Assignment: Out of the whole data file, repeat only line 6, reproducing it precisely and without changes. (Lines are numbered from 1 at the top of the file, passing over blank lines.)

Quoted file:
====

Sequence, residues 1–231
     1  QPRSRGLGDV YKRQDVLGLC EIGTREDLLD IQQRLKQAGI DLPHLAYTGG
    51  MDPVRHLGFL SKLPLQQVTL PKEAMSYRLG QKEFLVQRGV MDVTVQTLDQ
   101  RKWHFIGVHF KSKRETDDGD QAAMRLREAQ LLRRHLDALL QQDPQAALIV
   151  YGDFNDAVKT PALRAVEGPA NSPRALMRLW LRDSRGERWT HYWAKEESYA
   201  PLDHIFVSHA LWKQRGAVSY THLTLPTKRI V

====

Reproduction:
   201  PLDHIFVSHA LWKQRGAVSY THLTLPTKRI V